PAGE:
Saugatuck Voters Asked To Renew 2 Mill Levy To Maintain & Improve Roads
The City of Saugatuck will be asking voters at the November 8 General Election to renew the 2 mill levy that helps maintain and improve public roads for the next 15 years.
City engineers (Fleis & Vandenbrink) will host a public informational meeting about the road millage proposal on Tuesday, October 18 at 6 p.m. at the Saugatuck Center for the Arts, 400 Culver St., Saugatuck, MI 49453, city officials announced during Monday’s city council meeting.
“The millage is only for roads, no parks or parking lots or anything else,” Saugatuck City Manager Kirk Harrier told The Local Observer on Tuesday.
The millage is expected to generate $278,000 for the first year. The request is to renew the millage back to the original 2 mills ($2 in taxes per $1,000 in taxable value) voters approved back in 2001, but which expires this year.
Expiring at a 1.79 mill rate this year, the millage has been reduced through the years by the effect of the Headlee Rollback, the 1963 state of Michigan amendment requiring local unit of governments to reduce millage rates when annual growth on existing property is greater than the rate of inflation.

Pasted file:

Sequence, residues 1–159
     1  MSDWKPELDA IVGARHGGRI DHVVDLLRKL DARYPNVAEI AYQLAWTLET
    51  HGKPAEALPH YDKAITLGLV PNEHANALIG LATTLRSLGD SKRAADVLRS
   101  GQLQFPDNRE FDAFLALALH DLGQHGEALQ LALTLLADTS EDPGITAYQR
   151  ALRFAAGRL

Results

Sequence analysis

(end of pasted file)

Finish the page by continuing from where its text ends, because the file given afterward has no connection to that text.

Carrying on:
“I can’t stress this enough—this is what our engineers are telling us—the taxpayers have invested a lot of money over the last 15 years on their roads,” noted Harrier, detailing some of the work that has been ongoing to keep the local streets in shape.
“Once you do roads, you have to keep up with maintenance, you can’t just leave them otherwise we’ll have a situation like a few years back, in 2009, with a lot of potholes and deteriorating roads,” he added.
On a related matter, the the City of Saugatuck has already gotten a head start in other aspects of its capital improvements plan.
Last month the Michigan Department of Environmental Quality (DEQ) awarded the city a $138,240 grant to be used for the preparation of a stormwater asset management plan.
The city is expected to contribute a local match of $15,360.
“This is not for repairs, it will go towards mapping and an assessment of the current state of our storm drain system,” said Harrier.
Consisting of catch basins and culverts that convey stormwater to natural streams and rivers, a sound storm drain system is an important component in prolonging the life of the roads and keeping them safe to drive on, noted Harrier.